When you experience extended droughts in performance, how do you respond? Do you back down in training or do you find a way to persist despite the adversity? Persistence is crucial to success and is a common denominator of Olympic champions. The ability to keep pushing forward, to rebound when you fall and to make adjustments to your training/ technique are some characteristics of persistence.
A persistent athlete sees slumps as a sign that something needs to change (attitude, thinking, preparation, technique) not as indication of a lack of ability. It’s easy to give up, but a champion perseveres, re-evaluates performance and forges a new path forward. Persistence is a habit that can be developed and will lead to greater athletic accomplishments.
One of the most persistent Olympic athletes is 41 year-old Japanese ski jumper Noriaki Kasai. Kasai made his World Cup debut in 1989 and has competed in a record 490 events in World Cup competitions over 23 years.
Kasai has sixteen individual World Cup victories and holds the world records for the longest jump for athletes over 35 years old (224 meters) and for jumpers over 40 years old (221.5 meters).
Kasai, a model of persistence, has competed in seven Olympics during his career (a record for a ski jumper). Prior to the Sochi Games, Kasai’s sole Olympic medal (Silver) was earned in the team event in the 1994 Lillehammer Games.
At the Sochi Games, Kasai’s persistence paid off winning the silver medal in the individual large hill and the bronze medal in the team large hill. Kasai is the oldest ski-jumper ever to win an Olympic medal, “All these years I was disappointed by the Olympic Games. Today I just had to do it. I wanted gold but you know it is what it is.”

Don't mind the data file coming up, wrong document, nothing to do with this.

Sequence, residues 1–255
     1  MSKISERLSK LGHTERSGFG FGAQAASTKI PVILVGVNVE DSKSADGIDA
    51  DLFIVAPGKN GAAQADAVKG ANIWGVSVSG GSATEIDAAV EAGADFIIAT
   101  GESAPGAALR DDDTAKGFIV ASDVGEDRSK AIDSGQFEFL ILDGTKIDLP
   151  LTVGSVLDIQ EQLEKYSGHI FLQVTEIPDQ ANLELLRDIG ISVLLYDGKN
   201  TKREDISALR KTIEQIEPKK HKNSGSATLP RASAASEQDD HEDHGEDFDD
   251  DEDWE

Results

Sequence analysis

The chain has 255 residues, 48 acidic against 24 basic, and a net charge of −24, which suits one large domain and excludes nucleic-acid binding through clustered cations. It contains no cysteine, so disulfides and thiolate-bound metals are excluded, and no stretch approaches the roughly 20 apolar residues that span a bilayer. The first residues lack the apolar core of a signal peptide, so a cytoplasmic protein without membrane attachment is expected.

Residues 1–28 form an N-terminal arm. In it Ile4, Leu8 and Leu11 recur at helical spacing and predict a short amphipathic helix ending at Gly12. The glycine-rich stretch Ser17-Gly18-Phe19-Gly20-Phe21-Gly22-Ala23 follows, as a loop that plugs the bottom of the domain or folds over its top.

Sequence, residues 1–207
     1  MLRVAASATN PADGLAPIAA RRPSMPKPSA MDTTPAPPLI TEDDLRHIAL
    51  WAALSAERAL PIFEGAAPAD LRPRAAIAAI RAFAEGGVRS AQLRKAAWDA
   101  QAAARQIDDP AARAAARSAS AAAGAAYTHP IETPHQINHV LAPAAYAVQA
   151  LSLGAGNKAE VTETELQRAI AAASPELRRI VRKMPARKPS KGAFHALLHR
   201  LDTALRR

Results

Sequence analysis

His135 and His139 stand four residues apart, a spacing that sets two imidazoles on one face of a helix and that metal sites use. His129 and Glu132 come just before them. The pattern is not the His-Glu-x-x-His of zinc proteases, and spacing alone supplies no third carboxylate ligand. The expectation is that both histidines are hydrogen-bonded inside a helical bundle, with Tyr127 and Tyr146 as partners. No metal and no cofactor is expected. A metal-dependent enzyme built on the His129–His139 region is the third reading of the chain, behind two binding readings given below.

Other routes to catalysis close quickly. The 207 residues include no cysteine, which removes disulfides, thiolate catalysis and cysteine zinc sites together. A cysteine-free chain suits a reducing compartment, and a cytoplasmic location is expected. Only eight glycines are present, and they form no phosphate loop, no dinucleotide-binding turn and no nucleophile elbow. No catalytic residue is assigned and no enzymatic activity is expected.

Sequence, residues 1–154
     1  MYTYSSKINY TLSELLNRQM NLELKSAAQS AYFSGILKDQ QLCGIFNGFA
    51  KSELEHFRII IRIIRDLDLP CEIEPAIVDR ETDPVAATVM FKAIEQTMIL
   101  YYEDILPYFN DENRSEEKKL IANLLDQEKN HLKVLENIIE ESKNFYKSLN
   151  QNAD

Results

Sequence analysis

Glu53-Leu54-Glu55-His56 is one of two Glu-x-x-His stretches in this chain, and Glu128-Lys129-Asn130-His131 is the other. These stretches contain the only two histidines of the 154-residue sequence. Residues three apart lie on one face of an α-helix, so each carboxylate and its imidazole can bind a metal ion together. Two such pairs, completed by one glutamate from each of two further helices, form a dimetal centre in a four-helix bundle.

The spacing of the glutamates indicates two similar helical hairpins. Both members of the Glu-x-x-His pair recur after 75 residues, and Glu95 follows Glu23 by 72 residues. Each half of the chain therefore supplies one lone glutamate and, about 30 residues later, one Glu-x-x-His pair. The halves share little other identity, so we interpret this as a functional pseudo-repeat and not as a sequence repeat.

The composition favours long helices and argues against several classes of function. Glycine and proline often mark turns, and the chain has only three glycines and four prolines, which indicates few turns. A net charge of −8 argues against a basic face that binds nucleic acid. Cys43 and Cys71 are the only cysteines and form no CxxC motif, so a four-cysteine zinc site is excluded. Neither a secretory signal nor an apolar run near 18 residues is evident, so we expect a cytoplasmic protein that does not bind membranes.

Kasai’s has persistently forged forward towards his goals despite the many ups and downs throughout his career. “I had moments when I almost gave up and thought nothing was going to work but my character is to fight and never give up and now I have a silver [individual] medal.
There are no secrets I just stick at it.” Kasai has no plans to retire yet, “Jumping is my life. I want to be in Pyeongchang in 2018, I want a gold medal.”
If persistence is a habit, how can it be developed? Here are a few tips:
- You must have a defined purpose. Having a driving force within you will help you persist during the tough times.
- You need clear goals and a plan on how to achieve them.
- You need to objectively evaluate you performance and must be willing to revise your plan when necessary. Failure provides feedback on how to perform differently.
- You must be able to focus on the present and learn from the past without reliving it.
- You must be mentally tough enough to get up every time you get knocked down. Remember to use positive self-talk. Don’t use negative self-labels when you don’t perform as well as you hoped.
You must stop focusing on results. Start focusing on what you can do to perform your best. When you focus on the results, you lose focus on what you are doing now.
You need to stay confident in your abilities. When things get difficult, remember your past successes and focus on the abilities you have.